Pushed and Non-pushed Speaking Tasks in an EAP Context: What Are the Benefits for Linguistic Processing and Accuracy?
Keywords:Comprehensible Output Hypothesis, task effectiveness, language related episodes, second language acquisition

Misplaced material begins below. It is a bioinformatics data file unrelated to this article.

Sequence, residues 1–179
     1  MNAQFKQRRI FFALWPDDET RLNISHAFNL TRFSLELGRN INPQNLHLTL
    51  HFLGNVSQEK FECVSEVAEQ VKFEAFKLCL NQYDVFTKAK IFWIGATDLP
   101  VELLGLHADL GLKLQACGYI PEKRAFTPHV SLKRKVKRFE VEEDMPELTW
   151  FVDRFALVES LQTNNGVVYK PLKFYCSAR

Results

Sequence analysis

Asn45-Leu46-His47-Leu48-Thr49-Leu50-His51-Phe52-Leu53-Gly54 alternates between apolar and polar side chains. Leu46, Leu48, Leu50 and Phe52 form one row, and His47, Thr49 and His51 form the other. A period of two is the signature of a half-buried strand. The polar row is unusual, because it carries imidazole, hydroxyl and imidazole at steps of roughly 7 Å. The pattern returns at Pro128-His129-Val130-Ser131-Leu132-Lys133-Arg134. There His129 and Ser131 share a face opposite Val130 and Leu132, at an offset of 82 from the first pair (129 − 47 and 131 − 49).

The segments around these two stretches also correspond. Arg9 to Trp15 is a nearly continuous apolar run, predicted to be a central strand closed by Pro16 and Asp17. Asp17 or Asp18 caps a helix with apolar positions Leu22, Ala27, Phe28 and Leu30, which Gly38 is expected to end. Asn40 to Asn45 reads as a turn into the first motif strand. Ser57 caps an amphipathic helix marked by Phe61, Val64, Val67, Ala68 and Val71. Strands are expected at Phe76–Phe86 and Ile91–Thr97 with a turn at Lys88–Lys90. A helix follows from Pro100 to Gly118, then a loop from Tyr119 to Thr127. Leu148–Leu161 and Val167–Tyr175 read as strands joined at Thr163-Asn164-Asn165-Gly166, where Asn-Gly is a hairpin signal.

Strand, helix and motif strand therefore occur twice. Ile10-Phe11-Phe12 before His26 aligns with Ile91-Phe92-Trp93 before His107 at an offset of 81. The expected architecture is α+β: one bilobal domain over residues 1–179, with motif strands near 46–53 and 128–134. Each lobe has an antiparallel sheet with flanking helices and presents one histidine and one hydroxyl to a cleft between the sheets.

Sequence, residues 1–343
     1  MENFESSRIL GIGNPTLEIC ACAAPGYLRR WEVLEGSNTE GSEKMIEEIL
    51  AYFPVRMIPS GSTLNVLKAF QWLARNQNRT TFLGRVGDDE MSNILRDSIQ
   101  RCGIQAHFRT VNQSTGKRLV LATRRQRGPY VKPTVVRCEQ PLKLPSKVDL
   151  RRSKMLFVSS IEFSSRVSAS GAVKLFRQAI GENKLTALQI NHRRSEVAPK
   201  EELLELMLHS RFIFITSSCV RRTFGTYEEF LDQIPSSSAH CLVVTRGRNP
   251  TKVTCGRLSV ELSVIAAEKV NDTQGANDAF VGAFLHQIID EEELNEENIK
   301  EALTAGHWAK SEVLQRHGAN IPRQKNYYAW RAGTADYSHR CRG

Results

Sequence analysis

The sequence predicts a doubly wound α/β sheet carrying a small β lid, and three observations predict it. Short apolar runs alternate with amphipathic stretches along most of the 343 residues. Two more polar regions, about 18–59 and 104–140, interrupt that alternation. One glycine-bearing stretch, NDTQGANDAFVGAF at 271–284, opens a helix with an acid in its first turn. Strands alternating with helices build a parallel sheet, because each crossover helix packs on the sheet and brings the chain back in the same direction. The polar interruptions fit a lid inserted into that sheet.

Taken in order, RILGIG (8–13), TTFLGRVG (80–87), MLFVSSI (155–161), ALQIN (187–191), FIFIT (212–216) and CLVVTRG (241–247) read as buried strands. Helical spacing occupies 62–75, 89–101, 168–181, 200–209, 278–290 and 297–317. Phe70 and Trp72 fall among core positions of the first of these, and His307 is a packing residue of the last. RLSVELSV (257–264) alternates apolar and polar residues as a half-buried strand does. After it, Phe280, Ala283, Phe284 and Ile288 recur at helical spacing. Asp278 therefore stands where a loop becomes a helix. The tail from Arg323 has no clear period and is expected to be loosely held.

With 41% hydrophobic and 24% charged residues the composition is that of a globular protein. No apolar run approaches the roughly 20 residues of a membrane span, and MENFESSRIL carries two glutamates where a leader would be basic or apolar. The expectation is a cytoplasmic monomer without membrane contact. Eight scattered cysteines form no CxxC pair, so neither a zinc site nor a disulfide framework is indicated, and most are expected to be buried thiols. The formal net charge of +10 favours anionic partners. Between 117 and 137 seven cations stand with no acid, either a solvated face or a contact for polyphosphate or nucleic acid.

AbstractThis article reports on a mixed methods study investigating the effectiveness of pushed and non-pushed speaking tasks in a UK university setting with upper-intermediate students. Specifically, the study addressed a) if a pushed speaking task produced more language related episodes (LREs) than a non-pushed speaking task b) the differences in the types of LREs produced by each task and c) whether a pushed speaking task resulted in more accurate usage of past narrative forms. Results showed that the pushed storytelling task produced significantly more LREs than the non-pushed task and it also identified that the most common LRE type for both pushed and non-pushed learners related to some form of output correction. The pushed group achieved greater accuracy gains from pretest and posttest scores but these gain scores were not found to be statistically significant. The study concludes that creating a push during spoken output activities can increase the occurrence of opportunities for linguistic processing, and subsequently interlanguage development, to occur.
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